Herbert P. Bix

Herbert P. Bix (born 1938)[1] is an American historian. He wrote Hirohito and the Making of Modern Japan, an account of the Japanese Emperor and the events which shaped modern Japanese imperialism, which won the Pulitzer Prize for general non-fiction in 2001.

Bix was born in Boston and attended the University of Massachusetts Amherst.[1] He earned the Ph.D. in history and Far Eastern languages from Harvard University. He was a founding member of the Committee of Concerned Asian Scholars. For several decades, he has written about modern and contemporary Japanese history in the United States and Japan.

He has taught at many universities, including Hosei University in Japan as of 1986[2] and 1990[3] and Hitotsubashi University as of 2001.[1] As of 2013 he is Professor Emeritus in History and Sociology at Binghamton University.[4]

Selected works

  • Peasant Protest in Japan, 1590–1884. New Haven Conn.: Yale University Press, 1986.
  • "Hiroshima in History and Memory: A Symposium, Japan's Delayed Surrender: A Reinterpretation." Diplomatic History 19, no. 2 (1995): pp. 197–225.


  1. ^ a b c "The 2001 Pulitzer Prize Winners: General Nonfiction". The Pulitzer Prizes. Retrieved 2013-10-25.
  2. ^ http://d-nb.info/gnd/1709379744
  3. ^ https://books.google.com/books?id=kO0tUpCViA8C&dq=herbert+bix+hosei+university&source=gbs_navlinks_s
  4. ^ Herbert P. Bix: Professor (Joint with Sociology)" Archived 2014-11-01 at the Wayback Machine. Department of History. Binghamton University. Retrieved 2013-10-25.

External links

2001 Pulitzer Prize

The 2001 Pulitzer Prizes were announced on April 16, 2001.

Bix (disambiguation)

Bix Beiderbecke (1903 – 1931) was an American jazz musician.

Bix may also refer to:

In art and entertainment:

Bix (film), a 1991 Italian film about Beiderbecke

Bix (rock group), a Lithuanian rock group

Bix (website), a defunct contest website owned by Yahoo!

Annual events named for Beiderbecke in Davenport, Iowa

Bix 7 Road Race

Bix Beiderbecke Memorial Jazz Festival

Bix Barton, a fictional comic book character featured in the British science fiction anthology magazine 2000 AD

Bix, a fictional Protoceratops in the Dinotopia books by James GurneyIn other uses:

Bix, Oxfordshire, a village in Oxfordshire, England

BIX, a telephony cross-connect system created in the 1970s by Nortel Networks

Byte Information Exchange (BIX), a mid-1980s commercial online service offered by Byte magazine

Herbert P. Bix, American historian and writer

Hermann Bix (1914–1986), German World War II panzer commander

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End of World War II in Asia

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Hirohito and the Making of Modern Japan

Hirohito and the Making of Modern Japan (2000, ISBN 978-0-06-019314-0) is a book by Herbert P. Bix covering the reign of Emperor Hirohito of Japan from 1926 until his death in 1989. It won the 2001 Pulitzer Prize for General Non-Fiction.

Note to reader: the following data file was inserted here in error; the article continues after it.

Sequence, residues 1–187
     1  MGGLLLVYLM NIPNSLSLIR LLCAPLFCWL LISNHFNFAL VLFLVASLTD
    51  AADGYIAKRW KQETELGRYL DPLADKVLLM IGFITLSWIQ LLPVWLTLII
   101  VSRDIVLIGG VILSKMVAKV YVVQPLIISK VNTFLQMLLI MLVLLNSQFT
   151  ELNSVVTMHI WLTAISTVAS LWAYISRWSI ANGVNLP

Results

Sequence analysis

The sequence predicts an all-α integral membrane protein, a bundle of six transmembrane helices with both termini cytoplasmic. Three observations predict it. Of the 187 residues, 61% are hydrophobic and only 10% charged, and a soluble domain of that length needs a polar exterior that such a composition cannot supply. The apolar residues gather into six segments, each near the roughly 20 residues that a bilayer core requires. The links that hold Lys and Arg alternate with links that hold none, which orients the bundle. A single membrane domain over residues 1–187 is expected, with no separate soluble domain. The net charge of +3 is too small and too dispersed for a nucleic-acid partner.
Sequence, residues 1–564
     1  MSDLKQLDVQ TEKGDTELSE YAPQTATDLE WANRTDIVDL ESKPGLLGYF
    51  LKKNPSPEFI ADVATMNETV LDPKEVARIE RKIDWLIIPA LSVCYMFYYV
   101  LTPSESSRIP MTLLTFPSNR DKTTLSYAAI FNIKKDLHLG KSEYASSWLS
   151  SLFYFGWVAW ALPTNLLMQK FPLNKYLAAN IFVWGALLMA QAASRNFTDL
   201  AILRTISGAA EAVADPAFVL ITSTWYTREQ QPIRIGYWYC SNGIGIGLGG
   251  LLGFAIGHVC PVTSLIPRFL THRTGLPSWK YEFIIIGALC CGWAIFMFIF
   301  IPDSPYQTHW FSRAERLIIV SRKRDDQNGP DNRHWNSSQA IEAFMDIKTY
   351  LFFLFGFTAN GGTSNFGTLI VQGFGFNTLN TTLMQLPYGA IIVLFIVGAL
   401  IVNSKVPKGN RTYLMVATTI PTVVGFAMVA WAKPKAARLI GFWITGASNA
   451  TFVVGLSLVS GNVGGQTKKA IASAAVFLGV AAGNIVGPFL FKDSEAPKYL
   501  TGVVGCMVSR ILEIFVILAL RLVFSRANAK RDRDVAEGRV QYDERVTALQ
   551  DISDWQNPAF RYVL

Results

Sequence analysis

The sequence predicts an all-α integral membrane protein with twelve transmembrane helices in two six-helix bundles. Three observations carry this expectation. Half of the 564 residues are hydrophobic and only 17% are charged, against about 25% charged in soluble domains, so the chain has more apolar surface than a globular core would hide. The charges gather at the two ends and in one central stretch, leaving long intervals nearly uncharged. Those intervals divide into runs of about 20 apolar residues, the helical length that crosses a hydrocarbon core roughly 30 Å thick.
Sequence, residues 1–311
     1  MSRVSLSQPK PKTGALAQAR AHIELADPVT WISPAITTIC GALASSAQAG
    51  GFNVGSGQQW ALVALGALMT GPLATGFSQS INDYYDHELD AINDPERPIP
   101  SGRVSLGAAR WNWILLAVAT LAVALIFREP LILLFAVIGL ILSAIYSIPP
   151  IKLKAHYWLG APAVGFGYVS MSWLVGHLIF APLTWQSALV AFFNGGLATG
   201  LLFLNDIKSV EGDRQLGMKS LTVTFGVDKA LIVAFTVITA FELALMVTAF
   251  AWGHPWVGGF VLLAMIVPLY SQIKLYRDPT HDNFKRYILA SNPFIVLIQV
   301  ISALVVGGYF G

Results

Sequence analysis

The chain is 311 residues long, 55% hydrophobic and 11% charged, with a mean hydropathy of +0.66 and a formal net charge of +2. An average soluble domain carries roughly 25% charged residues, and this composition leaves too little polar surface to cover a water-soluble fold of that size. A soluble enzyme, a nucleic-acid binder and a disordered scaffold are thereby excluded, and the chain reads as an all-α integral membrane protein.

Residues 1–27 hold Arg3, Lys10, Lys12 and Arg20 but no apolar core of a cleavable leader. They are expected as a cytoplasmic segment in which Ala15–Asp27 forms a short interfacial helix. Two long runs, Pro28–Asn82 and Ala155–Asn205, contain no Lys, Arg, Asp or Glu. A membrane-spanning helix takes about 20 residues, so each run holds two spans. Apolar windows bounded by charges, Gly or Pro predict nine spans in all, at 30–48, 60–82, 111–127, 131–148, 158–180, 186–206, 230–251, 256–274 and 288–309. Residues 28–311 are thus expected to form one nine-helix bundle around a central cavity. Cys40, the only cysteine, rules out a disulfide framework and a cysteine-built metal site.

Imperial Reckoning

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Matthew Desmond

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The Dead Hand

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The book is based on a large number of published and unpublished sources, including interviews with political leaders, scientists, military officials and diplomats. The Russian automatic nuclear-control system known as "Dead Hand" is described in detail.

The Looming Tower

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The Years of Extermination

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Three Alls Policy

The Three Alls Policy (Chinese: 三光政策; pinyin: Sānguāng Zhèngcè, Japanese: 三光作戦 Sankō Sakusen) was a Japanese scorched earth policy adopted in China during World War II, the three "alls" being "kill all, burn all, loot all" (Chinese: 殺光、燒光、搶光). This policy was designed as retaliation against the Chinese for the Communist-led Hundred Regiments Offensive in December 1940. Contemporary Japanese documents referred to the policy as "The Burn to Ash Strategy" (燼滅作戦, Jinmetsu Sakusen).The Chinese expression "Three Alls" was first popularized in Japan in 1957 when former Japanese soldiers released from the Fushun war crime internment center wrote a book called The Three Alls: Japanese Confessions of War Crimes in China (Japanese: 三光、日本人の中国における戦争犯罪の告白, Sankō, Nihonjin no Chūgoku ni okeru sensō hanzai no kokuhaku) (new edition: Kanki Haruo, 1979), in which Japanese veterans confessed to war crimes committed under the leadership of General Yasuji Okamura. The publishers were forced to stop the publication of the book after receiving death threats from Japanese militarists and ultranationalists.

Toms River (book)

Toms River: A Story of Science and Salvation is a 2013 non-fiction book by the American author Dan Fagin. It is about the dumping of industrial pollution by chemical companies in Toms River, New Jersey beginning in 1952 through the 1980s, and the epidemiological investigations of a cancer cluster that subsequently emerged there. The book won the 2014 Pulitzer Prize for General Non-Fiction, the 2014 Helen Bernstein Book Award for Excellence in Journalism, and the 2014 National Academies Communication Award.

Yi Un

Lieutenant General Prince Imperial Yeong, the Yi Un, Crown Prince Uimin (also Euimin), also known as Yi Un, Yi Eun, Lee Eun, and Un Yi (20 October 1897 – 1 May 1970), was the 28th Head of the Korean Imperial House, an Imperial Japanese Army general and the last crown prince of Korea.

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